Categories
On Design

Why products become classics.

Classic Raleigh Sprint

Why is it that some designs become classics while others do not? Some classics were loved right from the beginning while others were little loved and mostly ignored until much later. Yesterday I was greeted by my old polish neighbour, “do you want this bike? 10 bucks.” In our transaction that briefly followed I quickly realized that what he saw as an old, somewhat useful, bicycle while what I saw was an icon of British 70s culture and a classic.

This lead me to ask the aforementioned question, what is it that makes a product become a classic? I believe there are three elements that a product must have that will lead it to becoming a classic. I also believe that it is one of these elements that will answer why some classics are only recognized as such later.

The three elements are as follows:

1. Be beautifully designed.

2. Embody an ideal.

3. Visually represent the culture of its time.

What do these elements mean? Lets start with the first one, beauty. Beauty is rightfully relative to the beholder, yet some designs capture near universal appreciation. This is a core requirement for a design to become a classic. The design of a classic is appreciated by nearly everyone. Furthermore, the design of a classic stands the test of time. It doesn’t merely embody the design of a fad, but has universal principles of design, such as smooth contours or balanced color schemes.

Secondly, a classic usually embodies an ideal. Let’s think about the classic VW Beetle, “the car for the People”. Or the Porsche, “the car to show the world you made it”. Some ideals were respected, some hated and some were ignored. But usually later, as new products saturate the marketplace, the ideal of the classic stands out and becomes more attractive. The form of the classic becomes a visual representation of that ideal.

Lastly, a classic visually represents the culture of its time. Just as the ideal of a product becomes more obvious over time, so do the ideals of cultures. When those two ideals run in parallel a classic is formed. However, often a culture is not aware of the uniqueness of its time. Nor that the boring product that they take for granted will one day symbolize the ideals that they will become known for or believe in.

When an object, a product, captures all three of these elements it is known as a classic. We do not have to think of what makes a product a classic to recognize it as one. However, when you look at that 30+ year old bicycle sitting in the back of the yard, reminding you of a simpler time, a time before computers ruled the workplace and cellphones ruled the living rooms and buses, you realize it is more than a peace of art, its a symbol of hope and the simple life.

Categories
On Business On Law

Copyright 101

The laws not the bandSo recently I have been put in a situation where I am forced to think about copyrights (the law not the band). Despite my personal resistance to the field it’s probably a good thing to have a good grasp of. Here is an overview of some general principles worth knowing.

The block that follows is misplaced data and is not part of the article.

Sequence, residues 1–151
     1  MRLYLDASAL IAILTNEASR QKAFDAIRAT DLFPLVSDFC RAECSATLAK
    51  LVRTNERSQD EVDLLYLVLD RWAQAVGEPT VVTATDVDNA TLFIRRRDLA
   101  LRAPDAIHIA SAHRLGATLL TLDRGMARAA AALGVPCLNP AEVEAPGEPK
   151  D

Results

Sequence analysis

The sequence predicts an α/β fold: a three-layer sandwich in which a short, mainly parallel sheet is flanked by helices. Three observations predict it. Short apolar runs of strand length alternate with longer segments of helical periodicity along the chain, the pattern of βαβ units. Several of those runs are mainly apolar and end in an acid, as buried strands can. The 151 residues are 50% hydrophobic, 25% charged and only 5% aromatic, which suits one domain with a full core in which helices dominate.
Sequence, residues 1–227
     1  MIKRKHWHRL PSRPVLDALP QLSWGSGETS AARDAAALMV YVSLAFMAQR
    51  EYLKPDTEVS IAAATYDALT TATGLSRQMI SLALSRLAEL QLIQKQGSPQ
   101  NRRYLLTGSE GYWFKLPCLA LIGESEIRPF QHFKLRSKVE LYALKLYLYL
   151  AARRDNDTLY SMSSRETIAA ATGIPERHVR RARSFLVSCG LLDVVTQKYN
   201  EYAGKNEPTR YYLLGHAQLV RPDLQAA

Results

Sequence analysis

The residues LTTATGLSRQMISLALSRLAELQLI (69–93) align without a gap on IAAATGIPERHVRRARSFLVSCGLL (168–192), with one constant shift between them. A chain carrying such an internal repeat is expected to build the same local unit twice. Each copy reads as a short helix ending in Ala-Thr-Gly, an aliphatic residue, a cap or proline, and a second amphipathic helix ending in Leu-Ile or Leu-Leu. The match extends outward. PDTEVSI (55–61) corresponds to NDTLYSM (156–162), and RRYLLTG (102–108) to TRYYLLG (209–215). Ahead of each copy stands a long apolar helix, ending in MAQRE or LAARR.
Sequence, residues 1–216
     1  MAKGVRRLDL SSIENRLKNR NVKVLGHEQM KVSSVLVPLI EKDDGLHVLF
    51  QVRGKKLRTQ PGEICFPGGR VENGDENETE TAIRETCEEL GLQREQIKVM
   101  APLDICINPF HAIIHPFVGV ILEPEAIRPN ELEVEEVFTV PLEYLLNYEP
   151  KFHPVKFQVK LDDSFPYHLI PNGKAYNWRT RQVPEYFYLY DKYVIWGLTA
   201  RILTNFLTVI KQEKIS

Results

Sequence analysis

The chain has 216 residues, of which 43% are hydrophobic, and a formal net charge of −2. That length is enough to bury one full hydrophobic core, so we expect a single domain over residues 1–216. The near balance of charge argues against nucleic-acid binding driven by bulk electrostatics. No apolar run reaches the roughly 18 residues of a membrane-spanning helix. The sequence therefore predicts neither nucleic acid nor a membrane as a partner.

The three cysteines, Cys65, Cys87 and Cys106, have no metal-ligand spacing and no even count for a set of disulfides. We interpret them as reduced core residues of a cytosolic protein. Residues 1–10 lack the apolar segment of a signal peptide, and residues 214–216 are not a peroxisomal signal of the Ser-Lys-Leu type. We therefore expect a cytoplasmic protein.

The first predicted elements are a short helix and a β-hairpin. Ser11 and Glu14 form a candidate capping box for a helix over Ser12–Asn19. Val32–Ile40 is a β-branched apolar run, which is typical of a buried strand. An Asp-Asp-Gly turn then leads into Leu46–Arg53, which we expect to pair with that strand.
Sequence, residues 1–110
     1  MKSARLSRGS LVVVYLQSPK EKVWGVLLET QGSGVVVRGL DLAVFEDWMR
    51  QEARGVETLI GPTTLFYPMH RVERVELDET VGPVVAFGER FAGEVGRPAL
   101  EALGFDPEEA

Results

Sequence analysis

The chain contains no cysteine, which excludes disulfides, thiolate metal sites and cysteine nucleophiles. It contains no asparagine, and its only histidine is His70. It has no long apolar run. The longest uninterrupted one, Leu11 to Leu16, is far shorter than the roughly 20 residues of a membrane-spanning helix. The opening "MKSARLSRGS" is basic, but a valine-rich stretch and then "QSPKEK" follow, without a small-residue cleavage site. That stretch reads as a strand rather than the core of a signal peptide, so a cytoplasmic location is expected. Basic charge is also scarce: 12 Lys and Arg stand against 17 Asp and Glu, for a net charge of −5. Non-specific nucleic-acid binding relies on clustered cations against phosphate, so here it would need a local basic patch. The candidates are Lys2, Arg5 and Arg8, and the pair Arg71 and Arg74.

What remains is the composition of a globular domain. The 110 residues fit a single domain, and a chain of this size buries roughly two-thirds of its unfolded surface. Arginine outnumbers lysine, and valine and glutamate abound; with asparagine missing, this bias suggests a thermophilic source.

Who owns the copyright?

Generally speaking, the person the work is attributed to owns the copyright. This applies to anybody who created the work (self-publishers, contractors etc) with exception to employees. In the case of an employee, the company they work for owns the copyright of any work done while working at the company.

What is shared copyright ownership?

Multiple people can own a copyright. Unless otherwise specified in writing any work contributed collaboratively is owned equally by all who contributed regardless of the amount they contributed. For example all the members of band collectively working on a song own equal shares to that song’s copyright. Generally speaking shared copyrights usually share equally in profits from any sales of the work. We see this all the time in the music industry.

What is copyleft?

Copyleft is a term originally coined by Richard Stallman and is used to describe copyright laws that ensure the right of individuals to modify, share and distribute copyrighted material, and to ensure that future versions of work be free to modify, share and distribute as well.

Are all copyright licenses compatible with each other?

No. There are many licenses that are incompatible with each other. It is a good idea to do some research before choosing a copyright license for any work you do. Some people prefer licenses that protect the work, and other people prefer licenses that protect the end users’ rights to access, modify and redistribute the work (aka copyleft licenses). Broadly speaking those two kinds of licenses are incompatible with one another.

There are also licenses like the GNU GPL that are copyleft licenses but are incompatible with many other copyleft licenses as it imposes the restriction that all resulting copies be bound by the GNU GPL license.

Final thoughts